Can you discuss the changes to Discover mechanics (Class cards bonus)?
Alec: It was never a decision to nerf a certain class or a certain deck. To talk about our decision process a little bit there were two points that mainly stood out. One of them was the repetitive nature of discovering the same card over and over and over again when you had a more limited pool, say with Omega Devastator and being able to get it off of things like Omega Assembly and then you see this 6 Omega Devastator and we didn’t feel that was the most fun experience. The second point is that it was one of those rules that if you came into Hearthstone it wasn’t taught to you. You had to learn it and it was a hidden rule and that was something that we wanted to remove. Things should be clear and easier to understand and we thought making this change that the classes don’t have the bonus actually makes it a lot easier to understand Discover and what it does.
Have you considered a rotation of the classic/basic cards?
Alec: It is something that we always look at, especially in terms of what you saw earlier this year in terms of our class identity and doing more work on that. There are definitely some cards that players have commented on saying why hasn’t this been rotated yet. It is something that is on our radar, we always want to make sure that our classes are set up for success and in terms of their identity and we will look at what changes we need to make to make sure both of those things happen.
What are your favourite keywords?
Alec: I really love Discover as well as having no duplicates. I have a ton of fun playing Reno Mage on ladder. I’ve actually been playing a Zephrys Paladin [Zephyrus the Great] which is a bit odd, people don’t expect that one on the ladder. What we were able to do with Zephyrus and no duplicates in Saviours of Uldum is some of the most fun things we have done in a while.
Dave: I will also say the Discover mechanic. One thing I love about the Discover mechanic is that it is something you can do easily in a digital card game that would be very hard to duplicate in a physical card game. It creates interesting choices and interesting gameplay and it is super fun. We introduced that with the initial League of Explorers and it has been consistent since then.
Have you ever regretted a card or mechanic that you released?
Alec: I wouldn’t say we ever regretted a card. Whenever we add new content we have to be a little bit scared too because that could just be really good. We know we are never going to break Hearthstone entirely, but we know that sometimes something will be a tiny bit better than we expect. If you look at recent changes we didn’t have any cards that broke the game, they just made for really exciting decks.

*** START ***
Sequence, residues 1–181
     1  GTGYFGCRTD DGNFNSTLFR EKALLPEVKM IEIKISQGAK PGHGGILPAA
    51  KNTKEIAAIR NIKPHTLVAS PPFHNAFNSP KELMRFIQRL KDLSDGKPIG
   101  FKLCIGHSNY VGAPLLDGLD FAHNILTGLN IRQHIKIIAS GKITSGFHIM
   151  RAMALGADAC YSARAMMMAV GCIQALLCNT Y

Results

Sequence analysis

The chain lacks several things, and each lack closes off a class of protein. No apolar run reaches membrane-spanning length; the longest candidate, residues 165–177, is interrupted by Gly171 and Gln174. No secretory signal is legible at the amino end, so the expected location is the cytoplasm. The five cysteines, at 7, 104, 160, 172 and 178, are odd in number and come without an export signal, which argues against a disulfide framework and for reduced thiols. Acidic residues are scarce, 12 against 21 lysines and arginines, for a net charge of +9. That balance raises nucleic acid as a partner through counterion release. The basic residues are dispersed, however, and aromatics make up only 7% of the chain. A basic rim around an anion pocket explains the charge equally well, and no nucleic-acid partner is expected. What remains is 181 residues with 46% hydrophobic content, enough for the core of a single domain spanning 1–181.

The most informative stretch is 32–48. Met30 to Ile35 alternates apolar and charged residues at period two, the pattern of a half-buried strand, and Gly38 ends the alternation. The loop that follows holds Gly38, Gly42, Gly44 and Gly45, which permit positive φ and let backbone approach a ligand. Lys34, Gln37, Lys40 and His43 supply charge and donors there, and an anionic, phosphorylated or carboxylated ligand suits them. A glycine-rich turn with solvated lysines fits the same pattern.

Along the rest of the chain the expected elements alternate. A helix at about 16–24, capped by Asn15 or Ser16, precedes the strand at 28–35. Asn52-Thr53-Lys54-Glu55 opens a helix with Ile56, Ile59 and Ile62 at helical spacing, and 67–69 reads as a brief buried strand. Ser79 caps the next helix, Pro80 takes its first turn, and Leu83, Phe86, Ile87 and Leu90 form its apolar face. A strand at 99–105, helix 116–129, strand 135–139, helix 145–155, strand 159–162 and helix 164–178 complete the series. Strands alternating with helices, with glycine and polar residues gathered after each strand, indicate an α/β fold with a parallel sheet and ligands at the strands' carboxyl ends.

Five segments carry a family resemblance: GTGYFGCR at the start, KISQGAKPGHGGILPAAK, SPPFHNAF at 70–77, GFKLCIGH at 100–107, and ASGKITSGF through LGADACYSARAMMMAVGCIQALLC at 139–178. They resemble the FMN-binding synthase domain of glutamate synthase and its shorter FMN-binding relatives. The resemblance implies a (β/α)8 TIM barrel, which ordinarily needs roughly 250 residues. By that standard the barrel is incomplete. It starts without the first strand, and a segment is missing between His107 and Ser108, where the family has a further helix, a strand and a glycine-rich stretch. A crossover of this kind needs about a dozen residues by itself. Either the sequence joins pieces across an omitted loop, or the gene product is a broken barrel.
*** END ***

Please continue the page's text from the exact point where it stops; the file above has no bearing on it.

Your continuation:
Dave: Even/Odd we rotated early because we thought the impact was so great.
Alec: Yeah the impact was very strong for Even/Odd decks and we got a lot of really good feedback from the community about those decks and it was something that we were looking at internally and we were like ‘oh, okay players feel a similar way, this is lining up rather well’ and that was part of the reason that we made that decision at the time.
Dave: I wouldn’t use the term regret because if you are not pushing it, if you are not taking risks then the game would be pretty boring. We prefer to take some risks and then worst case we would have to roll it back like we did with Even/Odd and rotate those early. They are still fun cards and we would rather have the game always be fresh and dangerous and interesting than not.
Alec: One example personally was Shadowreaper Anduin and look at how strong that deck was. You were able to reduce the Hero Power down to 0 and eventually we nerfed one of the cards in that deck so that the Hero Power was 1, but I wouldn’t say that was a regret. It made for a very exciting time with a very exciting Priest Deck that had a high skill ceiling and the deck had its time to shine. When we nerf cards we never regret it, the card has had its powerful moments and we want to change things up